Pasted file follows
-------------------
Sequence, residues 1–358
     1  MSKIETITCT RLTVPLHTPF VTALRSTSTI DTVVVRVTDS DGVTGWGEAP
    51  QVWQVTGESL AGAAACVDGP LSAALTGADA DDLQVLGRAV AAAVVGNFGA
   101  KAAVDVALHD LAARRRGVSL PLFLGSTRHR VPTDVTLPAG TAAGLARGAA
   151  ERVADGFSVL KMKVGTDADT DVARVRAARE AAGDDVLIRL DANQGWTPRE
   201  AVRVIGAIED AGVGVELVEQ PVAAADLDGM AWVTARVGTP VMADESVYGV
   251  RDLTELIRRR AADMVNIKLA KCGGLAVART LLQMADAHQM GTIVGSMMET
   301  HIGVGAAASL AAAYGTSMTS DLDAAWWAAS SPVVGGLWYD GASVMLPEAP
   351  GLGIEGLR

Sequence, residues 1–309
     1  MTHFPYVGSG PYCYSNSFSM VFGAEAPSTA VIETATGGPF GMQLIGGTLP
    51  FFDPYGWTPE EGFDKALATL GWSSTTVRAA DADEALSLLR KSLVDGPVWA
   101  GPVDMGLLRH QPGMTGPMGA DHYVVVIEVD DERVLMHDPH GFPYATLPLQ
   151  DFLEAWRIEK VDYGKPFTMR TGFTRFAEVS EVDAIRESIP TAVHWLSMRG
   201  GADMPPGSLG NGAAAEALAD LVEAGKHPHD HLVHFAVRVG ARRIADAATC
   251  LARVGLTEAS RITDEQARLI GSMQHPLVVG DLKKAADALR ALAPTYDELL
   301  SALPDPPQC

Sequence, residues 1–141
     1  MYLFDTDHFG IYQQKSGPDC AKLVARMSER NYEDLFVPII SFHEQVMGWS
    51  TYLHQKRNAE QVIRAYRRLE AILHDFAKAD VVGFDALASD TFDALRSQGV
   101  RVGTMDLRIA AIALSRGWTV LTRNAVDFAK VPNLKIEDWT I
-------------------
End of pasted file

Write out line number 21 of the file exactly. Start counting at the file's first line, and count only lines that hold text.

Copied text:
   101  RVGTMDLRIA AIALSRGWTV LTRNAVDFAK VPNLKIEDWT I